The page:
Shellfish poisoning, red tide warning up in several Phl coastal waters
Marje Pelayo • October 20, 2020 • 846
MANILA, Philippines – The Bureau of Fisheries and Aquatic Resources (BFAR) on Tuesday (October 20) advised the public that shellfish harvested in selected areas are tested with high levels of paralytic shellfish poison that is beyond the regulatory limit.
The affected areas include:
Puerto Princesa Bay, Puerto Princesa City in Palawan;coastal waters of Milagros in Masbate;
coastal waters of Dauis and Tagbilaran City in Bohol;
Tambobo Bay, Siaton in Negros Oriental;
coastal waters of Daram Island, Zumarraga, and Irong-irong and San Pedro Bays in Western Samar;
Cancabato Bay, Tacloban City in Leyte;
Matarinao Bay in Eastern Samar;
Balite Bay, Mati City in Davao Oriental; and
Lianga Bay and coastal waters of Hinatuan in Surigao del Sur.
In an advisory, the BFAR said this was confirmed based on the latest laboratory results of the agency and Local Government Units (LGUs).
Meanwhile, the following coastal waters are also confirmed positive of red tide toxin:
coastal waters of Bataan (Mariveles, Limay, Orion, Pilar, Balanga, Hermosa, Orani, Abucay and Samal); and
coastal waters of Inner Malampaya Sound, Taytay in Palawan.
This prompted the agency to issue a warning that shellfish and Acetes sp. or alamang gathered from these areas are not safe for human consumption.
MANILA, Philippines — Palawan will remain as one province, the Commission on Elections (Comelec) said Tuesday.
Comelec spokesperson James Jimenez said the Provincial Plebiscite Board of Canvassers (BOC) proclaimed at past 5 p.m. that the “no” vote won in the plebiscite held over the weekend to ask residents if they agree to ratify Republic Act 11259 that proposed the division of the province into three.
“The BOC just proclaimed the rejection of the proposed division of the Province of Palawan,” Jimenez said.
The BOC just proclaimed the rejection of the proposed division of the Province of Palawan. With a 60% voter turnout, the people of Palawan have spoken loud and clear.
The COMELEC thanks all its partners in conducting the massively successful #PalawanPleb.
The plebiscite was held as required under Republic Act 11259 signed by President Rodrigo Duterte in 2019 for the proposed creation of the provinces of Palawan del Norte, Palawan del Sur, and Palawan Oriental.
MANILA, Philippines – The Bureau of Fisheries and Aquatic Resources (BFAR) on Thursday warned the public against collecting and eating shellfish gathered from 10 coastal areas in the country due to red tide toxins.
In its Shellfish Bulletin No. 6 dated March 10, BFAR said its latest laboratory tests on shellfishes collected from several coastal waters in various parts of the Visayas and Mindanao indicated positive results for paralytic shellfish poison that is beyond the regulatory limit.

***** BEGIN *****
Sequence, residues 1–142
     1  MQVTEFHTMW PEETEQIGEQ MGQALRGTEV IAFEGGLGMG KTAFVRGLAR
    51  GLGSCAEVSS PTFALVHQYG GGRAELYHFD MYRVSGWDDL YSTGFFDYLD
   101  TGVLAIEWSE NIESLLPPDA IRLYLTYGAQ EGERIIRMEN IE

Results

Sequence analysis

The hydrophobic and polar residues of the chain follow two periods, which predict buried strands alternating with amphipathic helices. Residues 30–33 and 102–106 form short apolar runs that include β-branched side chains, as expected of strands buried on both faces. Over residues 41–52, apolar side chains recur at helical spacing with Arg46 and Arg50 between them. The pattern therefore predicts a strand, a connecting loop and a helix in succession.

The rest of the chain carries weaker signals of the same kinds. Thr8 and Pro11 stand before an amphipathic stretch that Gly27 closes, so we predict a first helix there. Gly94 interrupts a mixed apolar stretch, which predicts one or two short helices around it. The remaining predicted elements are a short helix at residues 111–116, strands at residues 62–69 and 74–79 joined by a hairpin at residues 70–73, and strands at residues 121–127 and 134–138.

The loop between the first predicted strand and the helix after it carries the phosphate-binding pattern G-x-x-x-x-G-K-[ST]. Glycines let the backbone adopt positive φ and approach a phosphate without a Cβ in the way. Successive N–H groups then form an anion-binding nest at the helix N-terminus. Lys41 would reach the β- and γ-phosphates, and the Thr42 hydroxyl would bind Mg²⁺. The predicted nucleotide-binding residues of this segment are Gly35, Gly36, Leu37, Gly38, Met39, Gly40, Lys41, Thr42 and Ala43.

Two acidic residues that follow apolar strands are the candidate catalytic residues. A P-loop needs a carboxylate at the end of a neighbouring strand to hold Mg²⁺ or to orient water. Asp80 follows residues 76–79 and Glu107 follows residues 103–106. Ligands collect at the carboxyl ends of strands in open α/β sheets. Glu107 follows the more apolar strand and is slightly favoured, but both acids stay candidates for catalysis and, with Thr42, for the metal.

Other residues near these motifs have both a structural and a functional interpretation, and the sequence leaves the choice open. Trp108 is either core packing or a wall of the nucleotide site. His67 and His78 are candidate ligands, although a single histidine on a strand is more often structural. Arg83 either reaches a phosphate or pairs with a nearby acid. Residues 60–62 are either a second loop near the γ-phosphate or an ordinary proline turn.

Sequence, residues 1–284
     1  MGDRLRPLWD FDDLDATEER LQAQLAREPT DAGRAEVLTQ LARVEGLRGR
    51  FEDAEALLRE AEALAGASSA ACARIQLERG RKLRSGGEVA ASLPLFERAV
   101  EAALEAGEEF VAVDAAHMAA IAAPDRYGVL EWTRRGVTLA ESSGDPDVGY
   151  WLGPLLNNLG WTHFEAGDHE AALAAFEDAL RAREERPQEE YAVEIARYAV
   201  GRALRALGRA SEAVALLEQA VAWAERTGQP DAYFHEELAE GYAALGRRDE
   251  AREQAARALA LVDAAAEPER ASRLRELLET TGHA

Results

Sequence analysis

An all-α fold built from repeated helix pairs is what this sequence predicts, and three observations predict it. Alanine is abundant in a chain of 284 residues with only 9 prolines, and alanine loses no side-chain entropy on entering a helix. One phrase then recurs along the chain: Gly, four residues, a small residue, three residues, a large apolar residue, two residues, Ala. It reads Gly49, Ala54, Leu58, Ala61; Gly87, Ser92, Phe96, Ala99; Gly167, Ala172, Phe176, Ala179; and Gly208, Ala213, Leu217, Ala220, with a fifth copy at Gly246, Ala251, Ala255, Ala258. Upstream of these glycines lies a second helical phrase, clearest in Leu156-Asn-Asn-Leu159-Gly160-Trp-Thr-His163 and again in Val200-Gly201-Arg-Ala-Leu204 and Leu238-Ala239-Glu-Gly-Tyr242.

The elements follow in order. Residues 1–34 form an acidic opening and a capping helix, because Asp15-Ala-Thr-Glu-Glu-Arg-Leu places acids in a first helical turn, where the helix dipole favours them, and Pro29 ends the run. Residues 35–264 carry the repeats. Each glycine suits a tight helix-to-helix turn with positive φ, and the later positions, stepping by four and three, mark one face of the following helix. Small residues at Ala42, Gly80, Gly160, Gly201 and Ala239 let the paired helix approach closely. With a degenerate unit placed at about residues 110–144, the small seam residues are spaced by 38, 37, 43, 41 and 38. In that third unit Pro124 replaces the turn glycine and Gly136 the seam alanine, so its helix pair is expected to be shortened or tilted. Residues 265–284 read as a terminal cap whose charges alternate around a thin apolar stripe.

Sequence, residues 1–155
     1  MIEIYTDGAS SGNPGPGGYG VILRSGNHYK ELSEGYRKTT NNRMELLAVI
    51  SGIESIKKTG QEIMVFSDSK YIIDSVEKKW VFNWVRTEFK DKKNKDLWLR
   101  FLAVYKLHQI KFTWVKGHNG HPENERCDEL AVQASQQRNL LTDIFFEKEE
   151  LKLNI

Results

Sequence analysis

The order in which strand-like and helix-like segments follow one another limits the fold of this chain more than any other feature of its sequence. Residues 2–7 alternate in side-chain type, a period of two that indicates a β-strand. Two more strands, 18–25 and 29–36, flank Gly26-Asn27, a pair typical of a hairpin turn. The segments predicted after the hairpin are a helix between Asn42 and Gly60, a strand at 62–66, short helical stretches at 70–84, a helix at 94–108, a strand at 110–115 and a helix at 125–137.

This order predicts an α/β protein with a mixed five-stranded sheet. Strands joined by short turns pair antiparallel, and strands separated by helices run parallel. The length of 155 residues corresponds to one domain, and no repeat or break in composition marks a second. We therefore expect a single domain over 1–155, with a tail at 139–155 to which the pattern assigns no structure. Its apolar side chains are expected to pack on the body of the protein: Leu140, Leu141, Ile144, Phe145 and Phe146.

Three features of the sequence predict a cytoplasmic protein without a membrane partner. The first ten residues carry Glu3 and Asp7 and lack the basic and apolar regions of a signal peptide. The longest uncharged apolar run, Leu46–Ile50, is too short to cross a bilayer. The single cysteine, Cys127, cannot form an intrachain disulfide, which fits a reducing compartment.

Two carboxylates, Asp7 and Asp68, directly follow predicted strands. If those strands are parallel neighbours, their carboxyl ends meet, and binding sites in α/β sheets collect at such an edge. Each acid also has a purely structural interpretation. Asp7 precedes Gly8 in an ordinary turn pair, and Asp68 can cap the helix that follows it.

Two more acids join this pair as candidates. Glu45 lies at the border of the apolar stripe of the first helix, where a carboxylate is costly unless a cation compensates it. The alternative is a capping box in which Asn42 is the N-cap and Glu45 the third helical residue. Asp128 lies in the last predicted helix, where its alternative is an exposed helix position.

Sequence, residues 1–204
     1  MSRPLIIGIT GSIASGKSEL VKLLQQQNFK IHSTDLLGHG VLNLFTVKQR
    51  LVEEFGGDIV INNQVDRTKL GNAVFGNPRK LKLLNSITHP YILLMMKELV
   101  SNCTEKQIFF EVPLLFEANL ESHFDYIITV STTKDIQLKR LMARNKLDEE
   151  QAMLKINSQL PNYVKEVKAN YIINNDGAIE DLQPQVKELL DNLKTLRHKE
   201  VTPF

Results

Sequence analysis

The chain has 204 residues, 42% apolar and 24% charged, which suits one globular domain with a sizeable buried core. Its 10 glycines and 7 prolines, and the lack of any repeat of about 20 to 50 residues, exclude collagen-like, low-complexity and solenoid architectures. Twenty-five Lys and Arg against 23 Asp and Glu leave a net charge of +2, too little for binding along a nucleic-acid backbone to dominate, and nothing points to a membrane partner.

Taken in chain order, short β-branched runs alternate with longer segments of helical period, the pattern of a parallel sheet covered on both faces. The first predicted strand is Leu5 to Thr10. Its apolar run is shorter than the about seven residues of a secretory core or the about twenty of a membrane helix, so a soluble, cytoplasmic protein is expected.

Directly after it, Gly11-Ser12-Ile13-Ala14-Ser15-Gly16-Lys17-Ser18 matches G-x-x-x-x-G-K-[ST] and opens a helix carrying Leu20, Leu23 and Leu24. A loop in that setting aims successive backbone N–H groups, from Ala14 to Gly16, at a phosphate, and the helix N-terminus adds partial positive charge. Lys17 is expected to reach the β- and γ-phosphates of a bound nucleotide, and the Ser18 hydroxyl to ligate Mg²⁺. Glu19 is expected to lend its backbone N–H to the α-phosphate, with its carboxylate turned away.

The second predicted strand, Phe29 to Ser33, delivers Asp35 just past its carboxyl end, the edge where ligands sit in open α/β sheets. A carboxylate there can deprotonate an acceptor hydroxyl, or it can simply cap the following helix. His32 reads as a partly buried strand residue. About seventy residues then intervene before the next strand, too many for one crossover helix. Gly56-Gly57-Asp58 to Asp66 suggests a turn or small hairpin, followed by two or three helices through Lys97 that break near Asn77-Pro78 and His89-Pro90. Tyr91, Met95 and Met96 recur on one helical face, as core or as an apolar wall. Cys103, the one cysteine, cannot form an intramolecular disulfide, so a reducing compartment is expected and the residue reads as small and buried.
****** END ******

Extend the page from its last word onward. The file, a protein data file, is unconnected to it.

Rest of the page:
These coastal areas include:
Coastal Waters of Inner Malampaya Sound, Taytay in Palawan
Sorsogon Bay in Sorsogon
Coastal Waters of Dauis and Tagbilaran City in Bohol
Tambobo Bay, Siaton in Negros Oriental
Coastal Waters of Calubian, and Cancato Bay, Tacloban City in Leyte
Dumanquillas Bay in Zamboanga del Sur
Murcielagos Bay (Sapang Dalaga and Baliangao) and Coastal Waters of Ozamiz City in Misamis Occidental
Taguines Lagoon, Benoni, Mahinog in Camiguin
Balite Bay, Mati City in Davao Oriental
Lianga Bay and Coastal waters of Hinatuan in Surigao del Sur
Shellfish Bullentin No. 06 Series of 2021 March 10, 2021
BFAR said that all types of shellfish and Acetes sp. or alamang gathered from the areas mentioned are not safe for human consumption.
On the other hand, fish, squids, shrimps, and crabs are safe for human consumption, provided that they are fresh and washed thoroughly, and internal organs such as gills and intestines are removed before cooking, it added.
MANILA, Philippines — Puerto Princesa City has reopened its attractions to domestic tourists. However, RT-PCR test will still be required before they can visit the city.
Department of Tourism (DOT) Secretary Bernadette Romulo-Puyat said Puerto Princesa reopened on March 1 and tourists who wish to visit the city will have to take the RT-PCR test before travel with 48 hours validity.
“The negative test result should be e-mailed directly by the Department of Health (DOH)-accredited testing facility to the City’s Incident Management Team (IMT),” the DOT said.
To attract more tourists, the Inter-Agency Task Force on Emerging Infectious Diseases (IATF-EID) has approved the easing of travel requirements.
Puyat said quarantine will no longer be required, but visitors must still have a confirmed booking from a DOT-accredited accommodation establishment and travel agency for guided tours.
For contact tracing, Puerto Princesa will use the StaySafe.ph system.
“Wala na ang quarantine except siyempre kung may sintomas, (There is no need for quarantine unless the individual is exhibiting symptoms),” Puyat said.
Puerto Princesa City Vice Mayor Nancy Socrates reiterated that COVID-19 testing will still be needed if the tourists are staying for several days.
“Mayroon pa rin po tayong antigen testing na nire-require every third day and seventh day ng stay nila dito and bukod po sa iyong in place na po ang ating protocols (We still have antigen testing which we require every third and seventh day of their stay. This is apart from the protocols in place. This is additional monitoring and tracking of our guests),” she said.
Puyat assured that tourism frontliners are included in the priority list for COVID-19 vaccines. AAC (with reports from Asher Cadapan Jr.)
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